The above quote, by the way, is reacting to religious arguments advanced by Bishop Gene Robinson, who was given an award at this same conference.

There was also one workshop where religion came up, and it illustrates some of the dynamics going on between LGBT activists and atheism.

The workshop was about inclusivity in campus groups, and was led by a few student leaders.  One of the leaders explained that though they were raised "agnatheist", they'd come to understand that we need to be inclusive of people with many religious views.  The sentiment is nice, but the devil is in the details.  Their advice was to avoid putting Christopher Hitchens stickers on your laptop, and to avoid bringing the subject of religion up.  I wasn't the only one who objected to this.

Of course, the bad advice was mixed with good as well.  The student leader related a story where someone aggressively questioned another queer student about their religious faith.  How could they be queer and still identify with religion?  I agree that's a bad thing to do.  I'm up there with those "militant" atheists who thinks it's great to persuade religious people that they're wrong, and I don't even think it's necessary to be polite when you do it.  But even I recognize that you don't push people in private conversation to talk about something they don't want to talk about.  Save it for the public conversations, where no one is forced to stay and listen.

As you can see, there's this image of the atheists being overly pushy to the religious LGBT people.  Some atheists can be pretty pushy, I appreciate that.  It's weird though, that "religious inclusivity" is all about being nice to religious people, and not at all about how it feels to be in the non-religious minority.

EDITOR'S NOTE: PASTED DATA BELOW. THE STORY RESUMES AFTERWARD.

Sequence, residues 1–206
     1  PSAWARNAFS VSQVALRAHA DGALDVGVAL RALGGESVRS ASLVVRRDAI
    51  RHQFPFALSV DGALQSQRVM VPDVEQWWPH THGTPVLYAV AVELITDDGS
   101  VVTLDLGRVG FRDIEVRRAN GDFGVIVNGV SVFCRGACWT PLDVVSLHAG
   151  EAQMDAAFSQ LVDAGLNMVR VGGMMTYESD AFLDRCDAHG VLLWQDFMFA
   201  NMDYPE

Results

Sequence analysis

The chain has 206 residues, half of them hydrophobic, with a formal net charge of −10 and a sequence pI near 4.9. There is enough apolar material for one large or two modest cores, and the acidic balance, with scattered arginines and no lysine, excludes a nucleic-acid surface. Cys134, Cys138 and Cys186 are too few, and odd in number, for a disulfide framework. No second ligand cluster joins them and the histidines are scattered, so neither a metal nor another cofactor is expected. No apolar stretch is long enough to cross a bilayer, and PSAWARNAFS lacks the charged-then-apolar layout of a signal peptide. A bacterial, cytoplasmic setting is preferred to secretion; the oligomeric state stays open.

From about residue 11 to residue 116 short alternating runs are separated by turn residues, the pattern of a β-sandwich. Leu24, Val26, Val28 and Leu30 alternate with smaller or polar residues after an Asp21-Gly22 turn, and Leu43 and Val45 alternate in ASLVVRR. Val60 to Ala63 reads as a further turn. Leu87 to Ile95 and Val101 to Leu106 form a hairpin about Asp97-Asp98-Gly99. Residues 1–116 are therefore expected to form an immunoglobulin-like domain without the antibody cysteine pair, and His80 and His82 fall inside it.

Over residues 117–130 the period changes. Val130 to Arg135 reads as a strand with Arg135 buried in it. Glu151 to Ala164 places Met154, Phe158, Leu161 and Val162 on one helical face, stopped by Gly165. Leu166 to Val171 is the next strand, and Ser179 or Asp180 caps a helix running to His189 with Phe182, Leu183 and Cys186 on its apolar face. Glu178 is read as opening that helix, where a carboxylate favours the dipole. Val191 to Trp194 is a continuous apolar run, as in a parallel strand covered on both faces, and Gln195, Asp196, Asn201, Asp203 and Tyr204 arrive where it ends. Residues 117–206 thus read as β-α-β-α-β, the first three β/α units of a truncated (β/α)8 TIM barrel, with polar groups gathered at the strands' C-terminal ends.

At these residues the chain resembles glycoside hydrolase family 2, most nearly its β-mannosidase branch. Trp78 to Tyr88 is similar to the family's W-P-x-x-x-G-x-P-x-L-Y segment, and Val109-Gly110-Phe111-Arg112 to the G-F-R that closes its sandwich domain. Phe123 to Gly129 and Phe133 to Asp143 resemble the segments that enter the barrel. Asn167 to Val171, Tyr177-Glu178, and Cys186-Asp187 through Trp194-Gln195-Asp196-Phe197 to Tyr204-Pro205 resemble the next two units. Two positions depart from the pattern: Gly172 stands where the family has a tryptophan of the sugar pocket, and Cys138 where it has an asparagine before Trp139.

As a final note, my experience is that the asexual community is way better about this.  There are not just lots of asexual atheists, there are lots of asexual atheists of the sort that participate in the atheist community.  I'm not the only one.


slightlymetaphysical said...

Interesting (cross-Atlantic?) difference. My UK university LGBT is so heavily atheist leaning that it's assumed that everyone listening is actively opposed to religion (because religious queers are a myth), and people make pot-shots at religion during socials which are meant to be safe spaces.
Which is a complicated issue to resolve, because there's a lot of people in that group who genuinely have a lot to say about how badly organised religion has treated them, but there's also religious people who feel isolated by that sort of speech. And we don't provide *nearly* enough support for our members who are struggling with being religious and LGBT, because we collectively broadcast the idea that it's impossible.
(and this is a big thing because I know a lot of Christians, queer and straight, who are trying to reform their churches and communities, but don't have the tools to do so)

Basically, it just blows my mind that a queer conference could ever be pro-religion.

/inconsequential ramble

miller said...

That sounds very different and screwed up.